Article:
I am not the one for trees and their stories and what they are all about, but after
This is one of the most gorgeous books I've ever seen. Pictures of trees by three artists of the Gond people of India are individually silk-screened onto hand-made paper. They are captioned with bits of folklore from that region of India. I can't recommend this book highly enough - the artwork is beautiful, and the tales that are told are just enough to make the work complete. Even if your reading time is limited, get hold of a copy of this book; it won't take you but a few minutes to look at th ...more
Three Gond artists create dramatic images of trees to accompany folklore concerning trees.
Nash Tysmans
The publishing company that produced this book wasn't lying when, in a blurb, they wrote that owning one of their books offered the reader a rare chance to own something that is "unique in concept, art, design, production and - most importantly - created by hand." Buying this off my friend who had just arrived from a conference in Hawaii seemed a bit impulsive at first but after flipping through these pages, I realized that I wasn't just buying a book but one so handsomely made it could have pas ...more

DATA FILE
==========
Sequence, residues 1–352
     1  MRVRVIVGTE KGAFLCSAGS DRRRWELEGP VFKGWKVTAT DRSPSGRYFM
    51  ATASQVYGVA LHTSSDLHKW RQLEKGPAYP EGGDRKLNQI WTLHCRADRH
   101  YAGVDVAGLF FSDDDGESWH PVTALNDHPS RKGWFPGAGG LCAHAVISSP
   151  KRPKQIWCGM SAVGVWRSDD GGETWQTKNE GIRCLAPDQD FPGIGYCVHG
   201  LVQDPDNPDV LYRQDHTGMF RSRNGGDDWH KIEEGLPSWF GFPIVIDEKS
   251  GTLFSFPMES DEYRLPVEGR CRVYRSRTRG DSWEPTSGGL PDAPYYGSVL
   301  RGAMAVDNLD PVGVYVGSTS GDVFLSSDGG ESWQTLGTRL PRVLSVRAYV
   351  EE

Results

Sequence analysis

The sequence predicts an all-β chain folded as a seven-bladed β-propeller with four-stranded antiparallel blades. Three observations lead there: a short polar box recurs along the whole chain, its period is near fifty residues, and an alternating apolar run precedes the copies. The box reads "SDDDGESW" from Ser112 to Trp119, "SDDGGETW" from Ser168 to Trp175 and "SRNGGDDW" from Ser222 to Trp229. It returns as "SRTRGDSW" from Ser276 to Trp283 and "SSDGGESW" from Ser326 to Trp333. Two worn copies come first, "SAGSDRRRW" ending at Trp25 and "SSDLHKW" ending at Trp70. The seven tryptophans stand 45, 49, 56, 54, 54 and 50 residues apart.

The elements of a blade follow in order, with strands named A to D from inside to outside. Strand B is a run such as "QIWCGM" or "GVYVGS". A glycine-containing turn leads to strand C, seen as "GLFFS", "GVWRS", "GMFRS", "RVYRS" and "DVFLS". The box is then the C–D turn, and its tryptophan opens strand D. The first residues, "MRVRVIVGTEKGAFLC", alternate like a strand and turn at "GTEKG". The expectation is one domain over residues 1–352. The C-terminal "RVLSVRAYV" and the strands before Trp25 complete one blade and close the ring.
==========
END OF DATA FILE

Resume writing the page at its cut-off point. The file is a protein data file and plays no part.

Joy Corcoran
Brilliant and beautiful, this book is a pleasure to read and to behold. The art was exquisite line work in bright colors on black handmade paper. The ink had a presence. The narrative was poetic and told tales that blurred the borders between trees, humans, and creatures. For a blog post on other books by Tara press, see my blog:
A treat for the eyes... A book full of exquisite images of trees created by three gond artists. The images are paired with fragments of folk tales which i felt could be improved. This book, claims a piece of your heart by being a 'whole' beautiful something.